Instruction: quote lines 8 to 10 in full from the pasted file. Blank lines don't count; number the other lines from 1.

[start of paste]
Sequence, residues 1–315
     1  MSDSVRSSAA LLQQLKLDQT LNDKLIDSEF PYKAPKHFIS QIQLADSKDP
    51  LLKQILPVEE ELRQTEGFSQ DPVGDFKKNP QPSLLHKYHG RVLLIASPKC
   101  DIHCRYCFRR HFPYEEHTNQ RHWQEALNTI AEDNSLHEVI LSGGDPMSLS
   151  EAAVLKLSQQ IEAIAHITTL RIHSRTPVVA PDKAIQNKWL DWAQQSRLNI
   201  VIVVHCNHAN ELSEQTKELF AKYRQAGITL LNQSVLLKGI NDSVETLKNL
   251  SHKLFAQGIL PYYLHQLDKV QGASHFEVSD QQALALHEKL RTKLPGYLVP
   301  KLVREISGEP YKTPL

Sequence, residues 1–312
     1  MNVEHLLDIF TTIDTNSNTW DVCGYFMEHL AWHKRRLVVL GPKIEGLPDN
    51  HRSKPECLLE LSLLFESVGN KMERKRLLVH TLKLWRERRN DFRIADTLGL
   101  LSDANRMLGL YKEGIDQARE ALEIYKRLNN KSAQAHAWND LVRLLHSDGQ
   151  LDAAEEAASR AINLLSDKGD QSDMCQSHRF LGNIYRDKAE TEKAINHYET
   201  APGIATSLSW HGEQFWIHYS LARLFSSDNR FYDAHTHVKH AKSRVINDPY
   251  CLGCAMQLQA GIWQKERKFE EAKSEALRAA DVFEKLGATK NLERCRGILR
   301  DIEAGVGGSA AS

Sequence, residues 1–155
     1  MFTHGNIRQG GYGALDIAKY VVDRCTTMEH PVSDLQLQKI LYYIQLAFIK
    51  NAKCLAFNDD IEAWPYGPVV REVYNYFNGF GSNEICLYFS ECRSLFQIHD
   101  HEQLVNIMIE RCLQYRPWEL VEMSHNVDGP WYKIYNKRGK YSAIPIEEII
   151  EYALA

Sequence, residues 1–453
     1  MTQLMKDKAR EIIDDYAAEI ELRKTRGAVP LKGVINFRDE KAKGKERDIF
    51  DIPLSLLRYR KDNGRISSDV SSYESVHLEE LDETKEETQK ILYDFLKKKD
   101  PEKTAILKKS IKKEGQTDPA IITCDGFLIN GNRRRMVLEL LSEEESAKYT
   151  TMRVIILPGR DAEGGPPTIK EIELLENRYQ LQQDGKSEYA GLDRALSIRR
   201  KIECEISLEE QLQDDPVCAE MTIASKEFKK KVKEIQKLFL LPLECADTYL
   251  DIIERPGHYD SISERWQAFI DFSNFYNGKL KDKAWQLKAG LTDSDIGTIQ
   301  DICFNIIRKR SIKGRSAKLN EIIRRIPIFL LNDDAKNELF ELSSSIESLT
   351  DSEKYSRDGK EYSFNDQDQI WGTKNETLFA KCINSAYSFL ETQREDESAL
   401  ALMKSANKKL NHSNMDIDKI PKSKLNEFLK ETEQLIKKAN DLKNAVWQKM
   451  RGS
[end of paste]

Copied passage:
   301  KLVREISGEP YKTPL

Sequence, residues 1–312
     1  MNVEHLLDIF TTIDTNSNTW DVCGYFMEHL AWHKRRLVVL GPKIEGLPDN